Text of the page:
Water Expert Andy Ball: What is meant by scaling or fouling?

What is meant by scaling or fouling?

23 Jul 2020 | 12:40

Fouling refers to the accumulation of unwanted material on solid surfaces, most often in an aquatic environment. The fouling material can consists of either living organisms (biofouling) or be a non-living substance (inorganic or organic). Other terms used in the literature to describe fouling include: deposit formation, encrustation, scaling, scale formation, crudding, and deposition. The last four terms are less inclusive than fouling; therefore, they should be used with caution.

Components subject to fouling

The following lists examples of components that may be subject of fouling and the direct effects of fouling:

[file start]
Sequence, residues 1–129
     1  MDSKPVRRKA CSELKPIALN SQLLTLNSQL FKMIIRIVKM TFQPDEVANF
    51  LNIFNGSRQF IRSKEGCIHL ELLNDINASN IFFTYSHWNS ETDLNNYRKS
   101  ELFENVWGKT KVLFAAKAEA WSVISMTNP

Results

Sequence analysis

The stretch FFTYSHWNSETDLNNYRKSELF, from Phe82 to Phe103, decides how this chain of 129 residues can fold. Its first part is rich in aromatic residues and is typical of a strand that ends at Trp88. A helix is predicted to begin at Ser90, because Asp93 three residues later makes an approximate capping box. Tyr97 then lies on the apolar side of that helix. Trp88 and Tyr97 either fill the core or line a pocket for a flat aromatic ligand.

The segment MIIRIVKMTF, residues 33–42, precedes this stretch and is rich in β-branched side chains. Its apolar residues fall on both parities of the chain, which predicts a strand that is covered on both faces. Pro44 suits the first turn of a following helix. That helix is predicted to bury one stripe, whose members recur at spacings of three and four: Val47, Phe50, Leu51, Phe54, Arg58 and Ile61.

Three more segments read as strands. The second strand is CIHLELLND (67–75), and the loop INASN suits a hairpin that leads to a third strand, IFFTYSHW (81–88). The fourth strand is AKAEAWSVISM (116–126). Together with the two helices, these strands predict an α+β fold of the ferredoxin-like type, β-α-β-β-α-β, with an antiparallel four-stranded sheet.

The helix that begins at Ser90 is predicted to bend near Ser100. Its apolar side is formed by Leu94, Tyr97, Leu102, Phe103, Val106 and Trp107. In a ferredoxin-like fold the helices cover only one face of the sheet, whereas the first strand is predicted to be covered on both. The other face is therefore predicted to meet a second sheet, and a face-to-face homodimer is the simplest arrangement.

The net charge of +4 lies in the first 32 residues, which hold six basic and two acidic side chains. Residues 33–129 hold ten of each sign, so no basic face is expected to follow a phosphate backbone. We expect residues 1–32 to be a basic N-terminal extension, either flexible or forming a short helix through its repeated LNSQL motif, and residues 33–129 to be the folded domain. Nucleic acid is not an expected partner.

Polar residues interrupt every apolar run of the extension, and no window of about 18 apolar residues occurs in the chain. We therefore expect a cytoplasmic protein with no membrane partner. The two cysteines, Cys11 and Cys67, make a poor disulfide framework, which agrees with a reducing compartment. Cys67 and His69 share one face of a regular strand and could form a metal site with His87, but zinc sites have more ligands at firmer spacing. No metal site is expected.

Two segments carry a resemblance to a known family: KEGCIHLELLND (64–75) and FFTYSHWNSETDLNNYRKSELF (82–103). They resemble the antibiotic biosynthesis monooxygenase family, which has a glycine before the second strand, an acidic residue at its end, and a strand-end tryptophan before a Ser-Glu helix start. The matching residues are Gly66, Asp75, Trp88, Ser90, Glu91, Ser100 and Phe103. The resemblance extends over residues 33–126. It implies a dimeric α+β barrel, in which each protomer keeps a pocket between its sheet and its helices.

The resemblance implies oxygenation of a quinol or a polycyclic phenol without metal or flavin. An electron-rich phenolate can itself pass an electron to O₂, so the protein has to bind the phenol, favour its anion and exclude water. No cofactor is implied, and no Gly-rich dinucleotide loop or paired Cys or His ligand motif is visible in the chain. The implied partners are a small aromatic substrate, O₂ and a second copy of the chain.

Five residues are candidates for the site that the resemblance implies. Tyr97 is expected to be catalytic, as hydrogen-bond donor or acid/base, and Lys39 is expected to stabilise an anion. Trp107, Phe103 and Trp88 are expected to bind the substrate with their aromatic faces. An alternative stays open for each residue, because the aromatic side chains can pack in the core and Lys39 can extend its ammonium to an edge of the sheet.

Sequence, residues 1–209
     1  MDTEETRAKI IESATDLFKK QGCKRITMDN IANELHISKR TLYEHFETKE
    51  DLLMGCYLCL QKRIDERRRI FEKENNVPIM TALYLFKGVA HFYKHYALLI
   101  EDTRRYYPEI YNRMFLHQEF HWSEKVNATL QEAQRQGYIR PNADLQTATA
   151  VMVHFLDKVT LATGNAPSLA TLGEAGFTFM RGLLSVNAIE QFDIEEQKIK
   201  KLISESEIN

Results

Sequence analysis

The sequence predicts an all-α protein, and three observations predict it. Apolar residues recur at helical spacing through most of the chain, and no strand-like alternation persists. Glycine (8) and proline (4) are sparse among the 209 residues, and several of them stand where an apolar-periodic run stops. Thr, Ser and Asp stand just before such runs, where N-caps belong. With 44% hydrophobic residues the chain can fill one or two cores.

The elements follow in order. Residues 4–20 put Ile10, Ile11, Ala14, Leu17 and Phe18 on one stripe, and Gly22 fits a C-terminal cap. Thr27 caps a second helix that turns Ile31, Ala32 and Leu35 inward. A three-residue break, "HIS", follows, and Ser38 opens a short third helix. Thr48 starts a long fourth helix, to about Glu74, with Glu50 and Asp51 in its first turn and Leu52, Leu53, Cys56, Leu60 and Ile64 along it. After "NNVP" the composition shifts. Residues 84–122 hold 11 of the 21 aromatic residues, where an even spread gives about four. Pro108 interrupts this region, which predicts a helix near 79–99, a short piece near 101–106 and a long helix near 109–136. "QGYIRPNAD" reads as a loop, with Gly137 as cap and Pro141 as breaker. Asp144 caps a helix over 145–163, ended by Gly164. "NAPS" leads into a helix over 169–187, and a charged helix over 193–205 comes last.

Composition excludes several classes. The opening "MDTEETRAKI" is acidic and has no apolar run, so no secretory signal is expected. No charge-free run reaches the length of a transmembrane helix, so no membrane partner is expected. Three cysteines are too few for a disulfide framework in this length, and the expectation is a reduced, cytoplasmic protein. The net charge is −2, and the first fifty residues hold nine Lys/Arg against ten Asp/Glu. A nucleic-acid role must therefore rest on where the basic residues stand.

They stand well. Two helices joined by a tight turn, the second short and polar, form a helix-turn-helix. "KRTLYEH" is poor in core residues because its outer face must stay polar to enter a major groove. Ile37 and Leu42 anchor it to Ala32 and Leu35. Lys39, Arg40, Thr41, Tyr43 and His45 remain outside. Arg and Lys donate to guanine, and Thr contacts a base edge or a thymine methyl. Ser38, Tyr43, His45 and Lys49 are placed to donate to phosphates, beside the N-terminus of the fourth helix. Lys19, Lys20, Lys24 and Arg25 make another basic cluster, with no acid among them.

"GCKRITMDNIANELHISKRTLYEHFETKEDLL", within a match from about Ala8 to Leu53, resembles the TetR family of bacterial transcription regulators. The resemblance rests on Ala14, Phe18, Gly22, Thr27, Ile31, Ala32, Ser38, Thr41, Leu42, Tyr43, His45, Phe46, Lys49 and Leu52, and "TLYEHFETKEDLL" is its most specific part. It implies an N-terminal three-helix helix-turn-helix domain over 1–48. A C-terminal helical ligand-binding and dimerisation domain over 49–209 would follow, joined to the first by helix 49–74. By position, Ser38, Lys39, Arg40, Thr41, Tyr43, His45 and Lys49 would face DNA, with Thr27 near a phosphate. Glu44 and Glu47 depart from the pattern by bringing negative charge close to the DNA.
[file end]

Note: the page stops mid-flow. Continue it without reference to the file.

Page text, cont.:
heat exchanger surfaces – reduces thermal efficiency, increases temperature, creates corrosion, increases use of cooling water

piping, flow channels – reduces flow, increases pressure drop, increases energy expenditure, may create flow oscillations

ship hulls – increases fuel usage, reduces maximum speed

turbines – reduces efficiency, increases probability of failure

solar panels – decreases the electrical power generated

reverse osmosis membranes – reduces efficiency of water purification, increases pressure drop, increases energy expenditure

electrical heating elements – increases temperature of the element, increases corrosion, reduces lifespan

nuclear fuel in pressurized water reactors – axial offset anomaly

injection/spray nozzles (e.g., a nozzle spraying a fuel into a furnace) – incorrect amount injected, malformed jet, component inefficiency, component failure

venturi tubes, orifice plates – inaccurate or incorrect measurement of flow rate

pitot tubes in airplanes – inaccurate or incorrect indication of airplane speed

teeth – promotes tooth disease, decreases aesthetics

Andy Ball
Culligan Tri-County Water Conditioning
(862)-354-7698